Camille2

Anna

Elliot

Courtney, Ivan & Sophia watching the whale watchers.

Courtney Ivan Sophia

Caroline

Happy students!!

Jessica2

 

Buzurg & Awa measuring the dimensions of the Race Rocks jetty.

Buzurg Awa

 

Elephant seals (?!) on the jetty.

Elephant seals

 

Exam is over – time to return to the College.

Departure

 

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Awa on boat

Buzurg3

Riikka on boat

Jessica

 

Thanks to Sophia for taking photos!

Sophia

Field Exam 2014 – D block

May 16, 2014

RR2 It was a stunningly beautiful Thursday morning when eight D block marine scientists travelled to Race Rocks to complete their field exam. Kami Students measured, Hanne2 and measured, Erika Laura Zeena and wrote, Erika Tyleisha and wrote, Killaq and wrote. Hanne A very successful morning for the students and for the island wildlife: Anemone eating A giant green anemone (Anthopleura xanthogrammica) feasting on what appeared to be a sea cucumber. There were also many, many elephant seals: Elephant seal flies Elephant seals Elephant seal2 Elephant seal   Special thanks to Anne Stewart for preparing the students so well: AnneAnne2 and to Elliot (PC 39) for the photos. Elliot

Marine science learning adventures at Pearson College

April 30, 2014

 Marine Science students aboard MV Second Nature, head out to Race Rocks Marine Protected Area to do a quantitative, rocky shore study.

Marine Science students aboard MV Second Nature, head out to Race Rocks Marine Protected Areas to do a quantitative, rocky shore study.

Tidal currents boil and swirl around the study site and safety is top priority. A sharp look out for sneaker waves keeps everyone dry.

Tidal currents boil and swirl around the study site and safety is the top priority. A sharp look out for sneaker waves keeps everyone dry.

The first job is to stretch out a reference tape measure.

The first job is to stretch out a reference tape measure.

Using ancient but precise, Egyptian technology, the students carefully measure vertical height using a water level and record the abundance of different species as they work their way up the shore.

Using ancient but precise, Egyptian technology, the students carefully measure vertical height using a water level and record the abundance of different species as they work their way up the shore.

The students are learning about marine ecology by doing it.

The students are learning about marine ecology by doing it.

Getting up close and personal with limpets and periwinkles is the best way to make observations.

Getting up close and personal with limpets and periwinkles is the best way to make observations.

Direct observations help the students understand broader topics in marine science.

Direct observations help the students understand broader topics in marine science.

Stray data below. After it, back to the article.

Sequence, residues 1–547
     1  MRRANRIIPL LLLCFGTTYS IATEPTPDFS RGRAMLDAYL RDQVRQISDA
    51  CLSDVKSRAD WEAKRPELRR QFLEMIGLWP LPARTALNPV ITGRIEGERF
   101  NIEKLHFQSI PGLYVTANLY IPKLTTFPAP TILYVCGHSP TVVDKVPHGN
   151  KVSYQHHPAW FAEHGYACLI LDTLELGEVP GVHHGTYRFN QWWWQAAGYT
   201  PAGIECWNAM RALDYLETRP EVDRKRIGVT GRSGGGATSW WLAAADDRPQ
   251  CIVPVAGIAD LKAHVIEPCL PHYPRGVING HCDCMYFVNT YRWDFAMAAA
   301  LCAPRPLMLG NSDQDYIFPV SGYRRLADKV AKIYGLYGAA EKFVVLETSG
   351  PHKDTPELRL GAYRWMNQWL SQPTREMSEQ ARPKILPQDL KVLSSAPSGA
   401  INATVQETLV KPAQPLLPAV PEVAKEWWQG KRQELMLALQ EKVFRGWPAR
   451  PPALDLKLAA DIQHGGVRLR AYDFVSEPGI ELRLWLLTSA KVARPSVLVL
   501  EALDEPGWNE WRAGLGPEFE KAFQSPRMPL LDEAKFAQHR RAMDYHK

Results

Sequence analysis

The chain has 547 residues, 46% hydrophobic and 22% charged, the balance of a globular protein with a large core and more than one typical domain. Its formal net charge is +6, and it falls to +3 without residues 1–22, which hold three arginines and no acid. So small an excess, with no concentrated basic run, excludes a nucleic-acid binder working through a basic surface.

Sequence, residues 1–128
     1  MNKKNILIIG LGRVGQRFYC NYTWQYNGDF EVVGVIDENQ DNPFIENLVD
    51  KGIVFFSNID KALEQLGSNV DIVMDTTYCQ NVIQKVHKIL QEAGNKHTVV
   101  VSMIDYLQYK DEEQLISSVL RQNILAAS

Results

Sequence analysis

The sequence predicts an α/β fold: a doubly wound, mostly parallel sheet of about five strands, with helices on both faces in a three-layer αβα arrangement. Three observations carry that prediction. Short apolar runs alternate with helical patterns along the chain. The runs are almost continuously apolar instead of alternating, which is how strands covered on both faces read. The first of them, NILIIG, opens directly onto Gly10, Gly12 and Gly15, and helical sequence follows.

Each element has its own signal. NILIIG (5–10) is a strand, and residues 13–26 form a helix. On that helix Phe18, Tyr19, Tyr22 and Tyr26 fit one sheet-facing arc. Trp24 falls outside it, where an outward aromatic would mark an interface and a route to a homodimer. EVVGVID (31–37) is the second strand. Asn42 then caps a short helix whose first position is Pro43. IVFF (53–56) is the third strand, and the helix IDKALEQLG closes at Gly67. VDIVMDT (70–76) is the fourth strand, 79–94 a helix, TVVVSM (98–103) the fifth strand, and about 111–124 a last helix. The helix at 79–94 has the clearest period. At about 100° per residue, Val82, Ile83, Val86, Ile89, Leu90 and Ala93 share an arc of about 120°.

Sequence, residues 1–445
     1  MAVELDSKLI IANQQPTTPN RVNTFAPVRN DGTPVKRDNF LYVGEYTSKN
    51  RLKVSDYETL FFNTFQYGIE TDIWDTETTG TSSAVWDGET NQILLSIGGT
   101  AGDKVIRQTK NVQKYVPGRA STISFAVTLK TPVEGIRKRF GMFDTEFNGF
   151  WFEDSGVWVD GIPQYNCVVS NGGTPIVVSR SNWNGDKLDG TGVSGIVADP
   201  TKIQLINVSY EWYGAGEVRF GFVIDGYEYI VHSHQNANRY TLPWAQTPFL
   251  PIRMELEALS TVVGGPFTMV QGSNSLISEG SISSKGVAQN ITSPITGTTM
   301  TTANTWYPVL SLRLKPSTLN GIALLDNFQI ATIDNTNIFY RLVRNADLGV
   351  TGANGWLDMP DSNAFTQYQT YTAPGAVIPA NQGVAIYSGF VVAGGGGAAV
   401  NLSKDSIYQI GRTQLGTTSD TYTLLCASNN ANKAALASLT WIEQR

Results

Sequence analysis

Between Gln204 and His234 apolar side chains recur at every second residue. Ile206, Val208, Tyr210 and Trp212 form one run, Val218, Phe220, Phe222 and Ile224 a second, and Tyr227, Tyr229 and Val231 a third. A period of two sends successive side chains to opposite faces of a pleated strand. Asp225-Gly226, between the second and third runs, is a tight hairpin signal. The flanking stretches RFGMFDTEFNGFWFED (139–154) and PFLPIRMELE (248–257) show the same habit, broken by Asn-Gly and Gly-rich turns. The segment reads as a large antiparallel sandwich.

These little brooding anemones may not have a brain but they are sensible enough to "hang on" to their offspring and give them a head start over their 'cousins' with planktonic larvae.

These little brooding anemones may not have a brain but they are sensible enough to “hang on” to their offspring and give them a head start over their ‘cousins’ with planktonic larvae.

These ancient mollusks haven't changed much in several hundred millions years. That is because they are well adapted to hang on to the rock and scrape off the algae using a metal scraper (aka a radula with iron in it).

These ancient mollusks haven’t changed much in several hundred millions years. That is because they are well adapted to hang on to the rock and scrape off the algae using a metal scraper (aka a radula with iron in it).

These little aggregating anemones host algae in their skin, akin to the corals but soft. That is cooperation at its best.

These little aggregation anemones host algae in their skin, akin to the corals but soft.

Students work together to try and figure out the biotic and abiotic interactions that are shaping the the distribution of organisms.

Students work together to try and figure out the biotic and abiotic interactions that are shaping the the distribution of organisms.

Measurements of mussels and barnacles helps make sense of the abundance data.

Measurements of mussels and barnacles helps make sense of the abundance data.

Now comes the hard part of processing the raw data, pooling data and making sense out of the findings.

Now comes the hard part of processing the raw data, pooling data and making sense out of the findings.

Window into a sea urchin

May 13, 2013

Window into a sea urchin

Students writing their first year field exam at Race Rocks on Saturday 11 May spotted this green sea urchin with a window to its Aristotle’s lantern. More details about the field exam to come…

Four-armed blood star

April 22, 2013

Henricia tidepool

Henricia aboral

Henricia oral

With no evidence of a fifth arm.

Observed on 17 April 2013 at Race Rocks – East side of Great Race Rock.